Not much to do with people either, though human *is* probably the most nutritious meat out there (for us at least). But let's face down one ick-factor at a time shall we?

  • So what does it taste like? [youtube.com]

    Also, does it respond to music?

  • 9:00 am Eastern what? Eastern Europe doesn't have that much difference with Western Europe.

    • by xaxa (988988)

      9:00 am Eastern what? Eastern Europe doesn't have that much difference with Western Europe.

      The other timezone is probably wrong too. 14:00 Dutch time (that's written on the Dutch website) is 13:00 London time, currently Western European Summer Time, and 12:00 UTC (which is Western European Time, i.e. London in the winter).

      Editors/submitters: when giving timezones, give UTC, and (if you wish) time local to the event.

  • by ChromeAeonium (1026952) on Monday August 05, 2013 @11:26AM (#44478185)

    I'm still skeptical these will do so well because, quite frankly, vege burgers and other meat substitutes are actually very good alternatives to meat already. I won't claim they're as good, but they are pretty damned close and, considering that they are easier to make, less chance of food borne illness, and healthier for you and the environment, I'd recommend giving them a shot. If the vat grown stuff can be better in cost and taste, then maybe it will do well, but I think the main advantage it has is that there is stigma on the concept of vege burgers and the like. And if protein is a concern, between things like various beans and quinoa, that can be handled without meat too.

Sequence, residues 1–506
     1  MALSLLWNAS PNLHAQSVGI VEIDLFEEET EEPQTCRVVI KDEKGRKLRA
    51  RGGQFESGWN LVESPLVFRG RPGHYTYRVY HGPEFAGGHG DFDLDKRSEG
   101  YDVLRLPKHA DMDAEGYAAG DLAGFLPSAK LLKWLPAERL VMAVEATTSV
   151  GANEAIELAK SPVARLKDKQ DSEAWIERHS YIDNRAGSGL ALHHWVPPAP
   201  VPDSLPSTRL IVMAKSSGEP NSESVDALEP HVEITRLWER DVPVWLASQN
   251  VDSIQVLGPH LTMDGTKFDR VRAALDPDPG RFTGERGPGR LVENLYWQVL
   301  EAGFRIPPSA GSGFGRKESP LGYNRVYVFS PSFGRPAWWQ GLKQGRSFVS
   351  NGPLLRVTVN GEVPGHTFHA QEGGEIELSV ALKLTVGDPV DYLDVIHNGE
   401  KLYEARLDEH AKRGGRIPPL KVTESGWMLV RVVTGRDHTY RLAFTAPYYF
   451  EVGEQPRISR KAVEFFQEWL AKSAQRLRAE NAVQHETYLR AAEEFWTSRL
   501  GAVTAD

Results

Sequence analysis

This is a cool idea and I hope no foodie luddites start with the fearmongering (I guarantee in a sooner or later someone out there will start claiming vat grown meat causes cancer), but really I think there is a suitable, and quite possibly superior, technology already here.